Chaney’s tour de force in The Penalty is his use of a harness that strapped his legs behind him, thus giving the convincing physical appearance of a legless amputee. There’s no use of trick photography or doubles and hardly any use of camera angles or compositions to hide Chaney’s true limbs (compare, in contrast, the tiring lengths Peter Jackson went to trying to get us to believe in his hobbits). Instead, Chaney’s body minus his legs is deliberately on display. In a powerful physical performance his body is constantly in movement. Equipped with half-size crutches, he’s forever on the move, climbing stairs, jumping on and off chairs, hobbling across the floor. There are some bravura touches, such as the way, in his study, he hauls himself from one peg to another up the wall so that he can look through the high-placed window into the room next door; or how he clambers up and down ropes between his room and the secret basement; or even how, in one scene, he drops down a fireman’s pole to land on his stumps and then move quickly across the floor.

Excerpt from Not Coming to a Theater Near You located HERE

Image :    NOTE: The below Blu-ray captures were taken directly from the Blu-ray disc.

The Penalty arrives on Blu-ray from Kino Video.  The image quality is about what I expected. This is dual-layered with a strong bitrate and, I assume, the 1080P does its absolute best with the impressive George Eastman House 35mm restoration. There are tints but mostly the film is in black and white with decent contrast. Detail in close-ups has impressive moments. This Blu-ray has done a solid job in presenting the film with few warts and a reasonably consistent image.


















Audio :

Audio comes in two flavors of the same new Mont Alto Motion Picture Orchestra score - a DTS-HD Master surround at a healthy 3848 kbps and a linear PCM stereo track at 2304 kbps. The surround mix has some adroit separations but in my sampling I may have preferred the 2.0 channel which still contained some potent depth and the orchestra sounded crisp. The intertitles are in English and there are no subtitle options. My Momitsu has identified it as being a region FREE disc playable on Blu-ray machines worldwide.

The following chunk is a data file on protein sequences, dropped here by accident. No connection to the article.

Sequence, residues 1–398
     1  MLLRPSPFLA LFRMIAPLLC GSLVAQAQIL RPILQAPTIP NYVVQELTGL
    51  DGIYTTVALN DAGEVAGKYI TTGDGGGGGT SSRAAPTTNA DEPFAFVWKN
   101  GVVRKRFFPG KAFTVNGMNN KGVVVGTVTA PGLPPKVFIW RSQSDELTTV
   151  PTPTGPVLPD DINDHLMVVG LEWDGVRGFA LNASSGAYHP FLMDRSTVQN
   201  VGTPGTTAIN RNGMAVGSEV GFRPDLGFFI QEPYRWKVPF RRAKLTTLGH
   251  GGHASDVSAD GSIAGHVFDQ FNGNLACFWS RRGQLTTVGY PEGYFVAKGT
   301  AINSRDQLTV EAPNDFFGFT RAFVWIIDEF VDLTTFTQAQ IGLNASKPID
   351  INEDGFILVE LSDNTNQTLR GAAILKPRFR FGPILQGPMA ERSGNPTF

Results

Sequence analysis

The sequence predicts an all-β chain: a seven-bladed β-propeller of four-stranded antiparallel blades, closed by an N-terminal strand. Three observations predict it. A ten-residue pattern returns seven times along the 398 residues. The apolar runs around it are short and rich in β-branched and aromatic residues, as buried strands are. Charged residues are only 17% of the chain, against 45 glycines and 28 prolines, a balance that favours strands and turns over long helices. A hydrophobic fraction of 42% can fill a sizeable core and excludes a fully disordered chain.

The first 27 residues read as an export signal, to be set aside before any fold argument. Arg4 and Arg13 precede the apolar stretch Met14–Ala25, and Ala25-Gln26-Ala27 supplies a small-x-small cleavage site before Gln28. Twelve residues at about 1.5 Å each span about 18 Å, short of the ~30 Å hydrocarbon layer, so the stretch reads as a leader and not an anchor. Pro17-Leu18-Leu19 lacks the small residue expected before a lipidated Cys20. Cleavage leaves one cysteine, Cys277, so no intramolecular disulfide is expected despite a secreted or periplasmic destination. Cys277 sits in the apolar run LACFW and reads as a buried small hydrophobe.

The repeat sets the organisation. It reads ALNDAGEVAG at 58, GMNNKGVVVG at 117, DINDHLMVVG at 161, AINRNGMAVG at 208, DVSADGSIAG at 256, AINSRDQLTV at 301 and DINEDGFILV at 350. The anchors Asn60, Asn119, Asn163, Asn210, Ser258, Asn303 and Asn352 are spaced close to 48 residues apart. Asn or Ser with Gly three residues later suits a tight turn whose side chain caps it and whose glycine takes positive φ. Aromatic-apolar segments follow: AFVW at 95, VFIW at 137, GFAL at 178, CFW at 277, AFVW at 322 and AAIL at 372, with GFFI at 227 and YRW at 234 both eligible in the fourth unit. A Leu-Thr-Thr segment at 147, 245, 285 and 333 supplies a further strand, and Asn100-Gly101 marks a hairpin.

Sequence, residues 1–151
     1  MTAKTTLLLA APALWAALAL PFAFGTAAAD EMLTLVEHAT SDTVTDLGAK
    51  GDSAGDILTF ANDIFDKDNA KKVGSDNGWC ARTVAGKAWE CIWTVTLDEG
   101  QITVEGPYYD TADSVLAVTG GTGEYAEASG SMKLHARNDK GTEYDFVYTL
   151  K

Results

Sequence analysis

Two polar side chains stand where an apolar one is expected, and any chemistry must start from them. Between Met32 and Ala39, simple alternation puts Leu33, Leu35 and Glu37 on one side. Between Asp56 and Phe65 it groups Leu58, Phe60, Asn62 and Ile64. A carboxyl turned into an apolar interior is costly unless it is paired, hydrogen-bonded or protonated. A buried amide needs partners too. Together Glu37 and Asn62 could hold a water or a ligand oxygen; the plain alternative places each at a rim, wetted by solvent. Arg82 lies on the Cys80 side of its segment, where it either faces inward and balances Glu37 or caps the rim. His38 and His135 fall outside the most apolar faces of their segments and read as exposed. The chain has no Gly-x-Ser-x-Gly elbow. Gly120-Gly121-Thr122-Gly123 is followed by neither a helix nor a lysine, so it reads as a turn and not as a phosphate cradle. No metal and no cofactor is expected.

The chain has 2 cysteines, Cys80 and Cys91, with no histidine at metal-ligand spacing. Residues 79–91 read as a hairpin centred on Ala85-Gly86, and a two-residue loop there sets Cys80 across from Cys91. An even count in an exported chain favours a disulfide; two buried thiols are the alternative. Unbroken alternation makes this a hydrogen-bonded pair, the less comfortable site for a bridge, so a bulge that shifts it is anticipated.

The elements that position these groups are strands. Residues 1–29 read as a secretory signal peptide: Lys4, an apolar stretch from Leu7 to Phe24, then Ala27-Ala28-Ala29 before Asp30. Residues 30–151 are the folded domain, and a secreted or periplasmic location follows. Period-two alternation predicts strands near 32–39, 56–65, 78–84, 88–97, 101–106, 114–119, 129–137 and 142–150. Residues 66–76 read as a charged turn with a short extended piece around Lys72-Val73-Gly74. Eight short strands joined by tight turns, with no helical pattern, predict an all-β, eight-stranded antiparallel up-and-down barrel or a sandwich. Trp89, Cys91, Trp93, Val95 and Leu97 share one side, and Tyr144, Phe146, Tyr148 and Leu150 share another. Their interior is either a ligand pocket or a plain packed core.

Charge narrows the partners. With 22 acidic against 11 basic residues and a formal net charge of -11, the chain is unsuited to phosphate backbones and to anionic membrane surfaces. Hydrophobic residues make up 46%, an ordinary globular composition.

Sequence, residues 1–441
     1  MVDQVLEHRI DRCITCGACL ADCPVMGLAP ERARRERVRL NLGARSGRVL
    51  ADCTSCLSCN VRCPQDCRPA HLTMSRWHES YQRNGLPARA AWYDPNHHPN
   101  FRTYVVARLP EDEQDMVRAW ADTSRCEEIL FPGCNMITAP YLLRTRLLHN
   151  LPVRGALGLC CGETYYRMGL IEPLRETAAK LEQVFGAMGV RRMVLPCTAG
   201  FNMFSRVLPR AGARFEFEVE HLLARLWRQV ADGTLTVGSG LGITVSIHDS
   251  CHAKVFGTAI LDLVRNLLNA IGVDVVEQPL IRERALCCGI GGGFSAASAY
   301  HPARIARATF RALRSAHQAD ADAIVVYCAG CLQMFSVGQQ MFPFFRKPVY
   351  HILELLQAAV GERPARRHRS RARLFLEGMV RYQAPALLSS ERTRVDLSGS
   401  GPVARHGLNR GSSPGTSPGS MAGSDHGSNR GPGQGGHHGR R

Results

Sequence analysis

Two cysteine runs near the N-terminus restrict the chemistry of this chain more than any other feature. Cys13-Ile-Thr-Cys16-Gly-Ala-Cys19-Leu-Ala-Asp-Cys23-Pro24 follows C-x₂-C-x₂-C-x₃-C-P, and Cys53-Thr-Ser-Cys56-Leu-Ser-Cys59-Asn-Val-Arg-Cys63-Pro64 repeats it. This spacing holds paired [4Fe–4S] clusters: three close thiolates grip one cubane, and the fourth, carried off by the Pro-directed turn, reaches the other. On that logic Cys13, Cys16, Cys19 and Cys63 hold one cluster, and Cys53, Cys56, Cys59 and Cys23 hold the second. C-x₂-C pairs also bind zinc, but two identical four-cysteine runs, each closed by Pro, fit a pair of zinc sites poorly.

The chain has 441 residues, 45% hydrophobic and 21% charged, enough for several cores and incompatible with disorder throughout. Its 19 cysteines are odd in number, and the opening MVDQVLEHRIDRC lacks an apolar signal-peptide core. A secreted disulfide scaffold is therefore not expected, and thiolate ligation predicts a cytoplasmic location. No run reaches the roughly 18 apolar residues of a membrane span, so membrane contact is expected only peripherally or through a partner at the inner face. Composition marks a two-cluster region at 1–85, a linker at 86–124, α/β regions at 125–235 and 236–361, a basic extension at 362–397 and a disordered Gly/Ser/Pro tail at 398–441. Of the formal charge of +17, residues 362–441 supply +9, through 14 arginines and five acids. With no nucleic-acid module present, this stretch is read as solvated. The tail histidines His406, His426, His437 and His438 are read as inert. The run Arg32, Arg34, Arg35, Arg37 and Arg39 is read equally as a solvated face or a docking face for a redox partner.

Extras :

There are some decent extras on this Blu-ray. We get a 10-minute video tour of Chaney's actual makeup case and the "double amputee" costume worn in The Penalty which is fairly interesting. There is also one of Chaney's one-reel westerns entitled By the Sun's Rays running a dozen minutes. It is only 2.5 minutes but the disc includes the only surviving footage of Chaney's 1919 The Miracle Man about a gang of crooks who evade the police by moving their operations to a small town. There are original theatrical trailers from Chaney's The Big City (:47) and While the City Sleeps (:54) and some liner notes essays; "The Penalty: Novel, Script to Screen" and another by Chaney biographer Michael F. Blake etc.



Great Silent film and a gripping thriller to boot. Of course it is over-the-top - as films of that era usually are but there are some dramatic subtleties that separate it. This Blu-ray produced a pleasing presentation - I'm so glad to have seen the film. I doubt we're going to see The Penalty looking any better and we absolutely recommend! 

Gary Tooze

October 18th, 2012